Based on the above hypothesis, I considered that the onset of pseudoaldosteronism could be prevented at an early stage by detecting 3MGA in blood or urine after taking licorice. Since licorice is used not only ethical Kampo prescription but over-the-counter drugs, I considered that the detecting kit for 3MGA in blood or urine should be used in drug stores. Therefore, I developed a monoclonal antibody against 3MGA (anti-3MGA-mAb) that can be used for enzyme-linked immunosorbent assay (ELISA) [14]. When the specificity of this antibody to 3MGA was calibrated as 100%, the cross-reactivities to GA and GL were 1.04% and 0.22%, respectively. Using anti-3MGA-mAb, I developed ELISA system to measure 3MGA, a good calibration curve could be created when 3MGA was dissolved in normal rat plasma and urine, and the results of the spike and recovery test were also good.

Next, the 3MGA concentrations in serum and urine samples of Mrp2-deficient EHBRs that orally administered with GA were measured by both LC–MS/MS and ELISA, respectively. However, the observed values of 3MGA concentrations by ELISA were 40–100-fold higher than those measured by using LC–MS/MS, although the profiles were similar to one another, suggesting that the unknown metabolites that can be cross-reacted with anti-3MGA-mAb were existed in serum and urine samples of Mrp2-deficient EHBRs treated with GA.

EHBRs were administered GA via drinking water for 3 months, and their urine was collected and pooled. Then, I conducted eastern blot analysis using anti-3MGA-mAb for the detection of 3MGA and other compounds which have related structure in urine sample. Urine or 3MGA standard solution was spotted onto a TLC plate, developed using the solvent, transferred onto a polyethersulfone (PES) membrane, and fixed. The membrane was treated with anti-3MGA-mAb, enzyme-labeled secondary antibody, and its substrate 4-chloro-1-naphthol. The positive staining spots were appeared other than 3MGA, which position was more hydrophilic than 3MGA.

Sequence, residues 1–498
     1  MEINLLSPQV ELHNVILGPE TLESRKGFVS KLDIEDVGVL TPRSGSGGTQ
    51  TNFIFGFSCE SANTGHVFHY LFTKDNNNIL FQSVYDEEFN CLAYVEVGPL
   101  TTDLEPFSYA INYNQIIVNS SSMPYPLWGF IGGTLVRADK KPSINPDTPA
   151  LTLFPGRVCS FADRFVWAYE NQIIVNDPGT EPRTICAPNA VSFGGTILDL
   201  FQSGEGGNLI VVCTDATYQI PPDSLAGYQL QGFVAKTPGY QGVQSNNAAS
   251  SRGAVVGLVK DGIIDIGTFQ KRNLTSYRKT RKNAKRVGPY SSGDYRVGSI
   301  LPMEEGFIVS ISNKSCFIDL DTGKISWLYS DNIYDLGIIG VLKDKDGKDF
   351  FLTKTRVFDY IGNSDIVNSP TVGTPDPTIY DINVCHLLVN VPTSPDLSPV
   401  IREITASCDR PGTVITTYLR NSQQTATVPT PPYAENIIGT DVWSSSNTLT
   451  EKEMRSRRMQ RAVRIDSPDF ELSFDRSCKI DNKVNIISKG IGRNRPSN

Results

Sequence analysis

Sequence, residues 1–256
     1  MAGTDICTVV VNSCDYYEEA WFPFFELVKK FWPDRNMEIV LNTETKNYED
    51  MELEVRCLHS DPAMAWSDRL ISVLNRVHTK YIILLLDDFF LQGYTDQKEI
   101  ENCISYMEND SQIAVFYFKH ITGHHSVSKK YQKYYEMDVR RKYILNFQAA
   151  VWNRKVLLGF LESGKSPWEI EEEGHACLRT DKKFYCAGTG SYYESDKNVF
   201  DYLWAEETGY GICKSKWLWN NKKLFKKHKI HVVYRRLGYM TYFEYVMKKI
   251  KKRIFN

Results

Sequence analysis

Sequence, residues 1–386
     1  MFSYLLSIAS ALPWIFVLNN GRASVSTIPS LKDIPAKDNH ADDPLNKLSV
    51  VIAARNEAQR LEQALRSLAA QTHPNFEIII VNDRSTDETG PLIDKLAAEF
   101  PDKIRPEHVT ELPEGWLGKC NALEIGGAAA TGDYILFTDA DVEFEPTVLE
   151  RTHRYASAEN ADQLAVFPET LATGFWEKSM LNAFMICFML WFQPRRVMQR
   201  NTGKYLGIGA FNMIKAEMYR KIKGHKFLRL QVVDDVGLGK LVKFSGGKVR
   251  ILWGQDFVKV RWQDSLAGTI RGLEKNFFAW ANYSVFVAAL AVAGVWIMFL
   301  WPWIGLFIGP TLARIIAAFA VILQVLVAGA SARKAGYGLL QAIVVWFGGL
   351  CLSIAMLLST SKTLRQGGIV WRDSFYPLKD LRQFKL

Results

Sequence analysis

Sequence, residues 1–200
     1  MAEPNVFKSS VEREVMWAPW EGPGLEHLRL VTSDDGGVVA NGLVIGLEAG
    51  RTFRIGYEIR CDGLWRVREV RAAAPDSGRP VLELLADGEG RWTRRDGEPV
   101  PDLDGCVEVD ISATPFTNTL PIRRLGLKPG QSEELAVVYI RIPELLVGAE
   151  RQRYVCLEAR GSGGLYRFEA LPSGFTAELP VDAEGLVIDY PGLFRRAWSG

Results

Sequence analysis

From pooled urine collected from EHBRs orally treated with GA, compound 1 was successfully isolated using the guidance of positive staining of eastern blotting. Figure 2 shows TLC pattern using UV absorption and eastern blot profile for the standard solution of 3MGA, urine sample, and isolated compound 1 as a new GA metabolite. By ESIMS, 1H, 13C, and 2D NMR, and ROESY data in comparison with 18β-GA, compound 1 was identified as 22α-hydroxy-18β-glycyrrhetyl-3-O-sulfate-30-glucuronide (1) (Fig. 1) [14].

Fig. 2
figure2

Eastern blot analysis of urine collected from EHBRs orally treated with GA using anti-3MGA mAb [14]. On the photographs, base lines were added. On TLC plate, the following samples were spotted at the base line; lane 1, double spot of 6 μl of urine collected from EHBRs which were orally administered with GA as drinking water (1 mg/ml) and 2 μl of 3MGA (1 mM); lane 2, 2 μl of 3MGA (1 mM); lane 3, double spot of 6 μl of urine collected from EHBRs and 2 μl of compound 1 (1 mM); lane 4, 2 μl of compound 1 (1 mM); lane 5, 6 μl of urine collected from EHBRs. Then, the spots were spreaded out using H2O/BuOH/AcOH (2:7:3), and the top line of the solvent was penciled. Photograph of TLC plate detected by UV absorption at 254 nm (left) was taken. On the lanes 2 and 4 used as positive control, the spots appeared were marked by pencil. The spots on the plate were transferred onto PES membrane, fixed, blocked, and strained by anti-3MGA MAb. Photograph of the membrane was taken (right). Rf values of 3MGA and compound 1 were 0.76 and 0.50 respectively

The discovery of compound 1 suggested that there might be other metabolites of GA as the causal candidates for licorice-induced pseudoaldosteronism. Compound 1 has a sulfate group at C-3, a hydroxyl group at C-22, and a glucuronic acid group at C-30. It is considered to be biosynthesized by three-step metabolic reactions via sulfotransferase (SULT), cytochrome P450 (CYP), and glucuronyl transferase. Therefore, it is predicted that there are other metabolites of GA that are biosynthesized by one- or two-step metabolic reactions among these three-step reactions. Further fractionation was performed for EHBR urine to isolate sulfate conjugates, and I isolated compound 2 as a new GA metabolite, and 3 that was first isolated from the bile of rats intravenously treated with GA by Jing et al. [15]. By ESIMS, 1H, 13C, and 2D NMR, and ROESY data in comparison with 18β-GA, compound 2 and 3 were identified as 22α-hydroxy-18β-glycyrrhetyl-3-O-sulfate (2) and 18β-glycyrrhetyl-3-O-sulfate (3) (Fig. 1) [16].

Pharmacokinetics of compounds 1–3 and their possibilities as the causative compounds for pseudoaldosteronism

I successively collected plasma and urine samples from both female SD rats and EHBRs orally administered GA and measured the concentrations of GA, 3MGA, and compounds 13 by LC–MS/MS. Figure 3a, c show the plasma concentration profiles and urinary elimination of GA and its metabolites in SD rats, respectively; Figs. 3b, d show those in EHBRs. In SD rats, GA was appeared in the plasma at 30 min and peaked once 1 h after the oral treatment. Then, the profile of the plasma GA concentration exhibited a biphasic curve for 12 h. The concentration of GA in the plasma was 4.7 μM at 12 h. The only other metabolite to appear in plasma was compound 3, which was present at a concentration of 0.3 μM at 12 h. In the urine of SD rats, 0.03 nmol 3 was detected in the accumulated urine collected 12 h after the oral treatment, although GA, 3MGA, compounds 1, and 2 were below detectable levels [16].